Shari would like to thank Dan Fisher for his contribution to this month's column.

The customer is king. The customer is always right. Remember, the customer pays the bills around here. When you think about it, there is a lot of truth in all of these clichés about customers. Regardless of the size of your organization or the industry that you are in, without the customers, there are no sales, there are no revenues and there are no profits.

This is the reason companies invest enormous amounts of time and resources in customer relationship management (CRM). The equation is simple: When you implement capabilities that help you learn more about your customers, you retain existing customers, attract new customers, can offer new products/services, can advertise more effectively and can ultimately garner additional profits. The key is to capitalize on the full potential that CRM and customer insight capabilities offer; that is, use and not just gather customer data.

In our last column, we discussed how 360-degree insight enables C-level executives and organization leaders to integrate and analyze information from their organizations' siloed competencies. In the next two columns, we focus on the customer silo and an integrated view of the customer. Key customer metrics, trends and forecasts, when merged with metrics from other functional silos, affect decision making and exemplify 360-degree insight. The challenge with each siloed process is closing the loop – that is, applying what you have learned to make strategic decisions that impact your organization's competitive advantage.

Integrated View of Customer

Accenture often uses the term "integrated view of customer" to describe business intelligence processes related to enabling customer insight such as data integration, data standardization, enterprise reporting and business analytics.

To integrate customer information, relevant data must be captured and merged from several different types of systems:

  • Customer touchpoint systems such as point of sale, call centers, the Web and direct mail,
  • Back-office systems such as general ledger and accounts receivable,
  • Internal assessment systems such as segmentation scores, propensity scores and risk scores, and
  • External data provider systems such as credit histories and demographics.

Customer information is typically integrated and standardized using extract/transform/load (ETL) tools, enterprise application integration (EAI) tools or enterprise resource planning (ERP) packaged software.
Before the data from these various systems can be integrated and merged, however, the customer must be defined and assigned a unique customer identifier. At first, this might sound simple, but when organizations actually begin to define their customers, things can get tricky. For example, while defining a customer at a recent client organization, six individuals provided the following very different definitions: accounts, individuals who can have multiple accounts, households that can be made up of multiple accounts and individuals (not all individuals may be on all accounts), companies, departments within companies, and individuals within departments and within companies.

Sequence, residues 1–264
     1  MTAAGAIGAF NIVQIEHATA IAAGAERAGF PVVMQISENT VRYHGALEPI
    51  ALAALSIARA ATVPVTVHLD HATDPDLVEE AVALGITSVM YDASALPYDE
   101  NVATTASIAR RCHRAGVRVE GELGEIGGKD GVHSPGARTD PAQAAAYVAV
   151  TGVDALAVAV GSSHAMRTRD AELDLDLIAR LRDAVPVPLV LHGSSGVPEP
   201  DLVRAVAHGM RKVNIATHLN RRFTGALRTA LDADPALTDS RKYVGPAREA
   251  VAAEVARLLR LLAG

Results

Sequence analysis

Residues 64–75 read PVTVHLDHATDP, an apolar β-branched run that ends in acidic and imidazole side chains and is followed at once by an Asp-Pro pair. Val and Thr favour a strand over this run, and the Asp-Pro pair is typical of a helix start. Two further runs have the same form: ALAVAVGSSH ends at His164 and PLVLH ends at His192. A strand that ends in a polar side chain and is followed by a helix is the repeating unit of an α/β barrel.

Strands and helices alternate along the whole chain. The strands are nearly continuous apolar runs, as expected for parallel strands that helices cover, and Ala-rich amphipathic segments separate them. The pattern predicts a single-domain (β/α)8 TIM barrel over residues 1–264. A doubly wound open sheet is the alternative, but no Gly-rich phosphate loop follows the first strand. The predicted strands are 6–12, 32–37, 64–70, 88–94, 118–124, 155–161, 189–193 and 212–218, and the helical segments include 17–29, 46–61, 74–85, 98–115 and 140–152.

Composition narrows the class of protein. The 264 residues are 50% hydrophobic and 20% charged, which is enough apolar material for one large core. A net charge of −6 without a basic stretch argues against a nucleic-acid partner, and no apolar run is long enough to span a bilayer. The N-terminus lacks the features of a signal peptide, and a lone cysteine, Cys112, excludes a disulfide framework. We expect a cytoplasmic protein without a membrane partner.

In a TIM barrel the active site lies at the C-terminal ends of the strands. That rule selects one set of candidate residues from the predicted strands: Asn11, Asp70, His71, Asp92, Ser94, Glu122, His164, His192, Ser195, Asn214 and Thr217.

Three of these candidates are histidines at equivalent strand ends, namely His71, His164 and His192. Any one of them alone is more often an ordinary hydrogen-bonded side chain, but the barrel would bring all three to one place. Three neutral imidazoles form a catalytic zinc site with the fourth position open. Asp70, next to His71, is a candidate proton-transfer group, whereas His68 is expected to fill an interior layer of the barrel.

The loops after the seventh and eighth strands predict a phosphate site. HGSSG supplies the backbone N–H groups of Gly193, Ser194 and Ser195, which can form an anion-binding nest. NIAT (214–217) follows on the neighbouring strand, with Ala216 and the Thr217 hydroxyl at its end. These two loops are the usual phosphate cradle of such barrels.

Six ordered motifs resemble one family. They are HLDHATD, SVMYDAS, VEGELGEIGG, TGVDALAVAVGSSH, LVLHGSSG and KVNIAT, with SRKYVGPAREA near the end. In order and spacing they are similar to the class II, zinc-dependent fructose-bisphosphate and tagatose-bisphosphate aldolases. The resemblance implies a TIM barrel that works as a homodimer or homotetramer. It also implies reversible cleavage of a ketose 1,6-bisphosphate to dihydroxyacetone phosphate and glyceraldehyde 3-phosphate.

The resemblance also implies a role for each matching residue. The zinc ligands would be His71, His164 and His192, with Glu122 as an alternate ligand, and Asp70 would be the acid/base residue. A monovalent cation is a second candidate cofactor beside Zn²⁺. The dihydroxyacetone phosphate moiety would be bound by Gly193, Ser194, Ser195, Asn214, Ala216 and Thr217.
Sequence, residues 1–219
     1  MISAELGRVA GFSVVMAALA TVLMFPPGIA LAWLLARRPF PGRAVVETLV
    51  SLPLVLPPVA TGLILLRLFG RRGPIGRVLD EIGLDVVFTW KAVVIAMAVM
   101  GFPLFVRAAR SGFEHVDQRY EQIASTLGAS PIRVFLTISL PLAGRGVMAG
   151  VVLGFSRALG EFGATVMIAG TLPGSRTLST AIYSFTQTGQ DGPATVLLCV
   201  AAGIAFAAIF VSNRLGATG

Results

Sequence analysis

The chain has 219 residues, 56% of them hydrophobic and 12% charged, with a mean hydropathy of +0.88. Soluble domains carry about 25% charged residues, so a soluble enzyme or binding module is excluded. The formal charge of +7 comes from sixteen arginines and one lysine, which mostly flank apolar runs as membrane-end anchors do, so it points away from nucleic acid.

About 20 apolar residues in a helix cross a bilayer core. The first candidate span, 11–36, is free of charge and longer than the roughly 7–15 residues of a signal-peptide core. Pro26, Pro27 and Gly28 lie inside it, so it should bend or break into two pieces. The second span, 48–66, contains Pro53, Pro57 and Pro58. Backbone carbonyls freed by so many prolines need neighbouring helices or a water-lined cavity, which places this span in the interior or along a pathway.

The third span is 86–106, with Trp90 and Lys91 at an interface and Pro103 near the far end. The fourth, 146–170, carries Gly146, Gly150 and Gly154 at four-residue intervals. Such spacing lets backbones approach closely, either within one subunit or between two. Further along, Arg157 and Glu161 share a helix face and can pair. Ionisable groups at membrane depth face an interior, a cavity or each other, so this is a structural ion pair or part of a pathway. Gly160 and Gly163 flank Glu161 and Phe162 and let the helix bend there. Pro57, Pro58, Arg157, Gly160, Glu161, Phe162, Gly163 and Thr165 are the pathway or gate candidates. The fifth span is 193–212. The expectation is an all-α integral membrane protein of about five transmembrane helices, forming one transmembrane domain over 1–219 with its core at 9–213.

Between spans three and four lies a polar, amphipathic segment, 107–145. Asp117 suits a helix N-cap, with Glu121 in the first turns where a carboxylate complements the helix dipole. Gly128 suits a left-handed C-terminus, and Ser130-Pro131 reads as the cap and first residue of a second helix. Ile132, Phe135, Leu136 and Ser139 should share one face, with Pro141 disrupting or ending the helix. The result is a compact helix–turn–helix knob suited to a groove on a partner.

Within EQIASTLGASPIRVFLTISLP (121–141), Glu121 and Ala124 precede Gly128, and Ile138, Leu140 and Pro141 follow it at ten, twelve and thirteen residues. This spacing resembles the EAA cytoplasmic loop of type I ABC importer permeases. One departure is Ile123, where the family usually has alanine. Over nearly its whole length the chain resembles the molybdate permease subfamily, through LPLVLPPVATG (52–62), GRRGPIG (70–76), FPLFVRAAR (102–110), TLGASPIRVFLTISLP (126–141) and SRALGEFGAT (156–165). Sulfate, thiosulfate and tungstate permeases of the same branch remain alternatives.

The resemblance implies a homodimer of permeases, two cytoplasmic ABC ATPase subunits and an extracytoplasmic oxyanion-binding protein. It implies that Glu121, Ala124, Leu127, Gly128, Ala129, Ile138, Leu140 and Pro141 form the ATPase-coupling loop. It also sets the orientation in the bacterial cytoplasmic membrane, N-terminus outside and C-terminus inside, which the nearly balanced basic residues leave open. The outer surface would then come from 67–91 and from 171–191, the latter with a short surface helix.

After you define the customer, you can define rules for matching customers with varying definitions across data sources. There are several vendors with software packages that provide solutions for such customer identification services. These services range from packaged routines to tools for building custom services to outsourced solutions. Many factors should be considered when choosing a customer identification solution, including cost, customer definition, rule complexities and the number of disparate data sources.

Unless your organization has one store, one system and/or one client, you must integrate and standardize your customer data before you can create reports and conduct customer analysis. A complete view of the customer allows an organization at all levels to better understand its customers and empowers individuals to act in the organization's best interest. Store managers might receive a report identifying their 200 most profitable customers and can educate employees as to who should receive special treatment. Risk managers might mine data to identify the customers who are most likely to default on a loan and implement screening procedures to improve credit approval. Marketing managers might mine data to create customer segmentations and propensity models for customizing and targeting sales campaigns. C-level executives might receive customer trending reports and initiate ROI analysis reports to drive strategic change initiatives.

Most organizations capture and integrate some customer information to learn about their current and potential customers and to make astute business decisions. Far fewer organizations, however, actually close the loop by tracking and feeding the results of their decisions back into their customer relationship management application. You must close the loop to acquire an integrated view of customer and gain true customer insight.

There are several challenges inherent in closing the customer loop. In our next column, we will discuss the following issues, including how they impact an integrated view of the customer and what techniques can be used to address them:

  1. Individualization/householding/customer matching.
  2. Consumer privacy and regulatory restrictions.
  3. Managing internal source systems and external data vendors.

Customers are the lifeblood of every organization and an integrated view of the customer is critical to 360-degree insight.

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